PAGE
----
Updated to add Blue Buffalo statement.
Nestle Purina is suing Blue Buffalo for false advertising, disparagement and unjust enrichment, saying the upstart brand is falsely claiming its products contain no animal byproducts or grain.
The lawsuit comes less than two months after Blue Buffalo, which has built its brand with advertising making pointed comparisons of its ingredients to those of rivals, retained investment banking firm JPMorgan to lead an initial public offering. The suit is backed by an unusually sophisticated communications effort that includes its own website, petfoodhonesty.com.
In a strongly worded statement sent to Ad Age, Blue Buffalo Founder and Chairman Bill Bishop said the company "categorically [denied] all of these false allegations and will aggressively defend the integrity of our brand and our products," adding, "It is an easy thing to make unsubstantiated claims, put them in a lawsuit and then publish them all over the web. ... It is quite another thing to prove those allegations."
He concluded the statement by saying, "We have a saying at Blue Buffalo: 'When we're right, we fight.' We look forward to seeing Nestle Purina in court."
Both the Nestle Purina website and the complaint in U.S. District Court in St. Louis cite a March finding by the National Advertising Division of the Council of Better Business Bureaus that found Blue Buffalo's ads comparing its ingredients to other brands are unclear as to which rivals are referenced and don't provide evidence to support claims that rivals are actively concealing what's in their products. The NAD case was initiated by another Blue Buffalo rival, Colgate-Palmolive Co.'s Hill's Pet Nutrition unit, not Nestle.
In response to the NAD decision, Blue Buffalo said it would make changes to its True Blue Test, an online side-by-side comparison of various brands' food ingredients, as recommended by the NAD, but that it would appeal other findings to the National Advertising Review Board.
Nestle not bound by NAD decision
Because Nestle wasn't party to the initial NAD action, it's not bound by restrictions against litigation of issues under review by the industry self-regulatory bodies.
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Asked whether the timing of the lawsuit was related to the IPO, Nestle Purina spokesman Keith Schopp said, "We filed the lawsuit today because we believe honesty is the most important ingredient." He declined to say whether Nestle will do more communications aimed at refuting Blue Buffalo's comparison advertising beyond the lawsuit.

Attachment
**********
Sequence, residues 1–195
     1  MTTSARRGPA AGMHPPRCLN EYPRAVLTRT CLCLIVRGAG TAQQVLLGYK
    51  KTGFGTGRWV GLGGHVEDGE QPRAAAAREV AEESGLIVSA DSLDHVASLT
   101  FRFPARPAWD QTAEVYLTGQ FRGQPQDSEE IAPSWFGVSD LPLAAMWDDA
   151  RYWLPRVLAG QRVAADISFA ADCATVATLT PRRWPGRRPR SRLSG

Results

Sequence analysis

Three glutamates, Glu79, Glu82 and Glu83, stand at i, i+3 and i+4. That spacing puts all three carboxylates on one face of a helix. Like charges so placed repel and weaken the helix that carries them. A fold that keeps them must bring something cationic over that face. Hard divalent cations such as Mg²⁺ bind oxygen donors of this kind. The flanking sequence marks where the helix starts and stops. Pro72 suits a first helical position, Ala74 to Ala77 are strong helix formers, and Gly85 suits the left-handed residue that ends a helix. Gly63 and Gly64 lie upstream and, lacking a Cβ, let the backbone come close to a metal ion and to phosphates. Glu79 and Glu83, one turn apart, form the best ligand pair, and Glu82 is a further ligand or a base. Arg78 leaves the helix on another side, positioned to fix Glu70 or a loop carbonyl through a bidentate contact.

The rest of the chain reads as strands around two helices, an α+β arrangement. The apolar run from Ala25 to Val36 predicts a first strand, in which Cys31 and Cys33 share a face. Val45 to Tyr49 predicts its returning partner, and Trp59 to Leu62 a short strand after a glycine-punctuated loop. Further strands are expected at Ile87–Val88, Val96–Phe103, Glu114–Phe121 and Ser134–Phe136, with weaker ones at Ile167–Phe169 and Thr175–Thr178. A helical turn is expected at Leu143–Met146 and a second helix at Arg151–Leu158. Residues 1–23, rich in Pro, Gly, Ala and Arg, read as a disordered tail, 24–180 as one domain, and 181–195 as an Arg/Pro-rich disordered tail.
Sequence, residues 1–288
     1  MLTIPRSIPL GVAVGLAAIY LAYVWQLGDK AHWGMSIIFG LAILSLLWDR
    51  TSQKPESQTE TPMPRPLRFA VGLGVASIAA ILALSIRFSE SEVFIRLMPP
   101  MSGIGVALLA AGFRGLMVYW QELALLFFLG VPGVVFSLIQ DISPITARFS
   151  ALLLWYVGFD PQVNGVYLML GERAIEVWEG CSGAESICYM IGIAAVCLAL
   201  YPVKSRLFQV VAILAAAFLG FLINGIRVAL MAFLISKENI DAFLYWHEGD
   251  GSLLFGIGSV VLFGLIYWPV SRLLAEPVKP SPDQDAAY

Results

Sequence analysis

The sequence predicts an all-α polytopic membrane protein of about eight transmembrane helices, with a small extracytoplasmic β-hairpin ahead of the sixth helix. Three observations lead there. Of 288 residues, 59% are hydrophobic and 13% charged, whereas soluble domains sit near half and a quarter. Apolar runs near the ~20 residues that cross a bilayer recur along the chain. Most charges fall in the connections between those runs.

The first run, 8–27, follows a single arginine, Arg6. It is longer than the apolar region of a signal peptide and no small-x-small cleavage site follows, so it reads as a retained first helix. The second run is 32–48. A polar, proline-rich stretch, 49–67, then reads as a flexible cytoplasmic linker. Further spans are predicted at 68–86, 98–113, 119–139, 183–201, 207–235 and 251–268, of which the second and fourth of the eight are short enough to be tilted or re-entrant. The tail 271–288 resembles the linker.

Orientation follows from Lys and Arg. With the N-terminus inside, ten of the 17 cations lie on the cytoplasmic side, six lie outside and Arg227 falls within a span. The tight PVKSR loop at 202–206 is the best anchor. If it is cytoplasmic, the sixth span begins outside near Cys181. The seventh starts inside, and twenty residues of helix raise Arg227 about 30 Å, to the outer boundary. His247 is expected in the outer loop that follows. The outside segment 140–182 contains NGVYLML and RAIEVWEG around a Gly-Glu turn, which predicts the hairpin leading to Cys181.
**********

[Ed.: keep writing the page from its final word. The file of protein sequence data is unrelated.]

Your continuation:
Mr. Schopp acknowledged that the NAD decision didn't directly address Nestle's allegations regarding Blue Buffalo's ingredients, but said he doesn't believe it could be misleading to include the NAD decision with the complaint or the petfoodhonesty.com website. "We specifically say the lawsuit follows a March decision," he said. "So I think there's a clear distinction between our action today and the March NAD decision that was actually involving a competitor."
But he did note that the NAD had recommended Blue Buffalo remove from its TV campaign "all allegations that Blue's competitors are misleading consumers."
"This is not an action we take lightly," said Steven Crimmins, VP-chief marketing officer of Nestle Purina in a statement. "We believe consumers deserve honestly when it comes to the ingredients in the food they choose to feed their pets."
He said Purina's commitment to pets and their owners "is not a marketing ploy or advertising slogan," and for his brand "what goes in the bag goes on the label."
Blue Buffalo's promotion, ads and packaging, which got around $50 million in media support last year by Nestle's estimate, said its products contained "NO chicken/poultry by-product meals." But Purina alleges that its testing from an independent laboratory found several of Blue Buffalo's "Life Protection" products contain "significant portions of poultry by-product meal." Nestle also alleges that several Blue Buffalo products promoted as "grain free" actually contain rice hulls.
Nestle's independent testing was not part of the evidence reviewed by the NAD, which said Blue Buffalo was "free to promote the high-quality ingredients in its products."
Blue Buffalo's Mr. Bishop said in his statement that the company looked "forward to disproving the voodoo science that Nestle Purina relied on."
Sales of the privately held Blue Buffalo aren't available, but it has emerged as one of the fastest-growing brands in the super-premium segment, which has been growing faster than the rest of the industry in recent years. Indeed, Mr. Bishop said that Nestle Purina's "inability to compete ... is the key motivation for this frivolous lawsuit."